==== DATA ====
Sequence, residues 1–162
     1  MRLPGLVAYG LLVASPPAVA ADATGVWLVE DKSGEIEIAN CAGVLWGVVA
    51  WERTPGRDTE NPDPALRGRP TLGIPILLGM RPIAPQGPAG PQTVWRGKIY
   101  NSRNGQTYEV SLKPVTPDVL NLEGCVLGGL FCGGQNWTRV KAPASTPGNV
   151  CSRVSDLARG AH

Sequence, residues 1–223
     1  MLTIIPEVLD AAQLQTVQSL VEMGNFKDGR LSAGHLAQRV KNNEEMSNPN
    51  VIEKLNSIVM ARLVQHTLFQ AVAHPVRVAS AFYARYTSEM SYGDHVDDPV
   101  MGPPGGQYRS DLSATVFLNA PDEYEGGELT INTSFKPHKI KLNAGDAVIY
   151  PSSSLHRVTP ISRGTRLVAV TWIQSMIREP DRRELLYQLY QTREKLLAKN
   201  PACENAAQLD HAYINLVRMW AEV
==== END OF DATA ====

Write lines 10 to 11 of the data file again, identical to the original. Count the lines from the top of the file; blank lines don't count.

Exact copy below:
   151  PSSSLHRVTP ISRGTRLVAV TWIQSMIREP DRRELLYQLY QTREKLLAKN
   201  PACENAAQLD HAYINLVRMW AEV